be achieved, but few appear to demonstrate productive disciplinary engagement (notable exceptions include Herrenkohl et al., 1999; Lehrer et al., 2001; Palincsar et al., 2001; Rosebery, Warren, and Conant, 1992).

CONCLUSIONS

As this chapter illustrates, science learning involves much more than individual cognitive activity. It is an inherently social and cultural process that requires mastery of specialized forms of discourse and comfort with norms of participation in the scientific community of the classroom. However, the rules for engaging in arguments and evaluating evidence that students learn in their everyday lives are sometimes dissimilar and even contradictory to those employed in science. Students often need support or explicit guidance to learn scientific norms for interacting with peers as they argue about evidence and clarify their own emerging understanding of science and scientific ideas. Genuine scientific argumentation with peer-to-peer interaction is rarely observed in science classrooms. Instead, teachers tend to dominate in a pattern of the teacher posing a question, the students responding, and the teacher following with an evaluative comment. Supporting argument in the science classroom requires a departure from this typical pattern.

Variations in students’ cultural and linguistic backgrounds translate into quite different learning histories and stances toward science. Making the norms and patterns of thinking in science visible in the classroom is one approach to supporting science learning in diverse student populations. Another is to capitalize on the continuities between students’ everyday thinking, knowledge, and resources and those of practicing scientists.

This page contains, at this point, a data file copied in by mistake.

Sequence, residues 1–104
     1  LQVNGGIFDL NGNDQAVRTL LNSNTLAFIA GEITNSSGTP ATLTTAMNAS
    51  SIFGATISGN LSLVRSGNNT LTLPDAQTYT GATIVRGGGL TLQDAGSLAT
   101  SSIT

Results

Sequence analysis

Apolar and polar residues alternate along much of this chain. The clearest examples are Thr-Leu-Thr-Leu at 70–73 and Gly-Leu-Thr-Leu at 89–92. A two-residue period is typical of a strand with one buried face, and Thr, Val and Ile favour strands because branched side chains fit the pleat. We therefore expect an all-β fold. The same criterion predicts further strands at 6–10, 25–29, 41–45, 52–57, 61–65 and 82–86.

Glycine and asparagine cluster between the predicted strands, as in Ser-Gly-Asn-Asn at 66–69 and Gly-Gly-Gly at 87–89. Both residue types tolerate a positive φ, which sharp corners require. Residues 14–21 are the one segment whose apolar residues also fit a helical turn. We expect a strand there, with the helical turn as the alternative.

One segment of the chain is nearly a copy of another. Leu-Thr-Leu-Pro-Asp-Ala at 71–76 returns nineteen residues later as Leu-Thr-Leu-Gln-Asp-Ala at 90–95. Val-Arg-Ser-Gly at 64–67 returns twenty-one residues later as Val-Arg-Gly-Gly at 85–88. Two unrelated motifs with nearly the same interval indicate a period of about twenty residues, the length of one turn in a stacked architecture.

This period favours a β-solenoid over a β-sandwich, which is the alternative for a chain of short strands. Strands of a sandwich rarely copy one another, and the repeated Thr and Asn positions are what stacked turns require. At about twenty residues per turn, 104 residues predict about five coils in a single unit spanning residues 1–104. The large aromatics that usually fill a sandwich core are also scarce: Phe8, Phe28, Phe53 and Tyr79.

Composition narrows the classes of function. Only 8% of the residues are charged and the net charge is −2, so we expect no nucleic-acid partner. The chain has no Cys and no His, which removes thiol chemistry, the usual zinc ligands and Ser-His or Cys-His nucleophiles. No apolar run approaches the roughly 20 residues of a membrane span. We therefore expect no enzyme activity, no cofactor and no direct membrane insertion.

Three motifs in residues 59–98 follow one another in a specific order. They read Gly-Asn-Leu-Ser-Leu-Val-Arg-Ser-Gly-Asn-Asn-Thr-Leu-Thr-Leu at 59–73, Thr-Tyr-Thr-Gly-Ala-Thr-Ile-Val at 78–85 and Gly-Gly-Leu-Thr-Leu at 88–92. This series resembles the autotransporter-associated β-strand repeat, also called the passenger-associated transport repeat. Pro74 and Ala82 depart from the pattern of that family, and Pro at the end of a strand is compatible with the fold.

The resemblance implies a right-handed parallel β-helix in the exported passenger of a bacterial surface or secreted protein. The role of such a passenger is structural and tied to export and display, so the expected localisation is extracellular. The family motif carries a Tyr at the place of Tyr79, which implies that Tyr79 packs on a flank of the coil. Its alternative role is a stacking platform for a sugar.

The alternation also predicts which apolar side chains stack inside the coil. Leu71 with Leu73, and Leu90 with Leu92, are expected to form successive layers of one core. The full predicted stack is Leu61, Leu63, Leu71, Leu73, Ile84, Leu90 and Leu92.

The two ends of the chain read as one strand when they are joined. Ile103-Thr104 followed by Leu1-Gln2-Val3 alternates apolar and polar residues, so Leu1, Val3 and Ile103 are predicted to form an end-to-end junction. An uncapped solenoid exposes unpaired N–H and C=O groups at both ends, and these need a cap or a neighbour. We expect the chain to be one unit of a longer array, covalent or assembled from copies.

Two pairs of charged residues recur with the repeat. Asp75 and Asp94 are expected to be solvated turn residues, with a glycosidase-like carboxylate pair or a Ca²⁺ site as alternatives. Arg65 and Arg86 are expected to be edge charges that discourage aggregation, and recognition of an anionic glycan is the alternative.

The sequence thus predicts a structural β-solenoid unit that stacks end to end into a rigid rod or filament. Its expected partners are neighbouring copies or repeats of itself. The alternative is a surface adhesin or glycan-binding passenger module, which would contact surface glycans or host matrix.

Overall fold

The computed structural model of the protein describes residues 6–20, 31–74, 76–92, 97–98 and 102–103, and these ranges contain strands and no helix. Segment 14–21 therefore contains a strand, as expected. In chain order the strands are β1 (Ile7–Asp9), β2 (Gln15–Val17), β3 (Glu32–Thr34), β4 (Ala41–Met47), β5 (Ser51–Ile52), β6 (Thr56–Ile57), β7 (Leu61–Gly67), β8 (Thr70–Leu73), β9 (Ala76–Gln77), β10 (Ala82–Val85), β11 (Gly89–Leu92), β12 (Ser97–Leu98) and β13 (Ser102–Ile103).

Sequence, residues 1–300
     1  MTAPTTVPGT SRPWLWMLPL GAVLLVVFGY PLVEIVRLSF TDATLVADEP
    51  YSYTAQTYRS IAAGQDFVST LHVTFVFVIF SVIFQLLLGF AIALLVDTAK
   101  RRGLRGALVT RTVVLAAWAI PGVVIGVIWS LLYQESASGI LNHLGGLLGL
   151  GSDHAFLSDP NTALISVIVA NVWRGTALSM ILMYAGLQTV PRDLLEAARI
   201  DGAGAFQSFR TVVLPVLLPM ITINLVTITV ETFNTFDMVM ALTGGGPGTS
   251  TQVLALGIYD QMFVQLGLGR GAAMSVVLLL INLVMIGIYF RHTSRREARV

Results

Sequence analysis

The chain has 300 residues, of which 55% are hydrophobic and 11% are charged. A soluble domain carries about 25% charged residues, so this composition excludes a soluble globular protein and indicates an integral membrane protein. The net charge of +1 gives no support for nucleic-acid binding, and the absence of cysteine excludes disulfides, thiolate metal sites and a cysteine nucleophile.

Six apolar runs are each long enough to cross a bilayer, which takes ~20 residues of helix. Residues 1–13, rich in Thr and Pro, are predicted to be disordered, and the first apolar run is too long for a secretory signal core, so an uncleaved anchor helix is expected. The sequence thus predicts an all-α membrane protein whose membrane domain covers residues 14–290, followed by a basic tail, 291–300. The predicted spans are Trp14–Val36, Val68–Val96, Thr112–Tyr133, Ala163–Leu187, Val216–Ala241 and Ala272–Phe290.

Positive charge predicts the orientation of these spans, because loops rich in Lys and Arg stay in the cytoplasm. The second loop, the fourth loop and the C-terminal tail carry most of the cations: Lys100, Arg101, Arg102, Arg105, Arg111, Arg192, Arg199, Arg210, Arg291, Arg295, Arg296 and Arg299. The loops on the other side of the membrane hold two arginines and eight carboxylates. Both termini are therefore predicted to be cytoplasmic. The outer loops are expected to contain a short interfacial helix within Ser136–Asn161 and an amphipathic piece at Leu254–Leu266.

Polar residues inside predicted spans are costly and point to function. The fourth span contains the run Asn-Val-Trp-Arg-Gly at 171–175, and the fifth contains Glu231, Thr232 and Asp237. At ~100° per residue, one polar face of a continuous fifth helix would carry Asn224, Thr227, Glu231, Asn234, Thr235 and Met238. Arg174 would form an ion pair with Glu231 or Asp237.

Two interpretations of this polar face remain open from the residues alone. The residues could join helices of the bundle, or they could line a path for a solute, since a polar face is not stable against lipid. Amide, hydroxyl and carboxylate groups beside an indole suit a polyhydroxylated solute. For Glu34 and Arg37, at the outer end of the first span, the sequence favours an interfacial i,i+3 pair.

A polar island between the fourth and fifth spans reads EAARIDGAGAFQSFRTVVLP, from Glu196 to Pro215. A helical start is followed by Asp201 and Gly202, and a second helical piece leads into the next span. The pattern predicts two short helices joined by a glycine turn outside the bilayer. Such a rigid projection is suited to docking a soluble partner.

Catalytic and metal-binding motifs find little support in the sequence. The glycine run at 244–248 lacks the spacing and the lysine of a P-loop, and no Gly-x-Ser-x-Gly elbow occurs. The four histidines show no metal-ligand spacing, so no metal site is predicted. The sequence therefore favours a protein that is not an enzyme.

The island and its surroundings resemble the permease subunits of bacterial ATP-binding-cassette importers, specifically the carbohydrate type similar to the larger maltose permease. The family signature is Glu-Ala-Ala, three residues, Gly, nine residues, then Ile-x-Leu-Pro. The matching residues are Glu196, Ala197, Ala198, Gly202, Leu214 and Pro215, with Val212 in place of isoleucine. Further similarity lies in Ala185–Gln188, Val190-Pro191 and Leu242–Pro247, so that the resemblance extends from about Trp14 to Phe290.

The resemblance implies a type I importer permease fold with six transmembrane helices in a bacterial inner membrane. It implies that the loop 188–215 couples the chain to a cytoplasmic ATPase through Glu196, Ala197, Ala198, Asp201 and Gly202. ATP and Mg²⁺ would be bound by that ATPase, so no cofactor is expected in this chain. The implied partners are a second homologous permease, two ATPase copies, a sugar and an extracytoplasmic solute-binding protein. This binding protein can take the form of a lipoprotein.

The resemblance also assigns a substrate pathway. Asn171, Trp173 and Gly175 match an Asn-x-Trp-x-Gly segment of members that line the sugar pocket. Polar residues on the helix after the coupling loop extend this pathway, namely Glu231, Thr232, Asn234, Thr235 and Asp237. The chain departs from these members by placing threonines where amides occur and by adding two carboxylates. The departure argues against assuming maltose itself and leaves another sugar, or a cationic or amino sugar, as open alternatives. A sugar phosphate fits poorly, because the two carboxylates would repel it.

For all students, motivation and attitudes toward science play an important role in science learning. Becoming proficient in science requires students to actively engage in scientific tasks and participate in scientifically meaningful ways. Willingness to participate is shaped by students’ own beliefs, their previous experience with science, and aspects of the science classroom. For example, students’ belief in their ability in science, the value they place on science, their desire to master science, and their interest in science all have consequences for the quality of their engagement in the classroom and subsequent learning.

In turn, instruction can be designed in ways that foster a positive orientation toward science and promote productive participation in science classrooms. Such approaches include offering choice, providing meaningful tasks and an appropriate level of challenge, giving students authority over their learning while making sure their work can be examined by others, and making sure they have access to the resources they need to evaluate their claims and communicate them to others.



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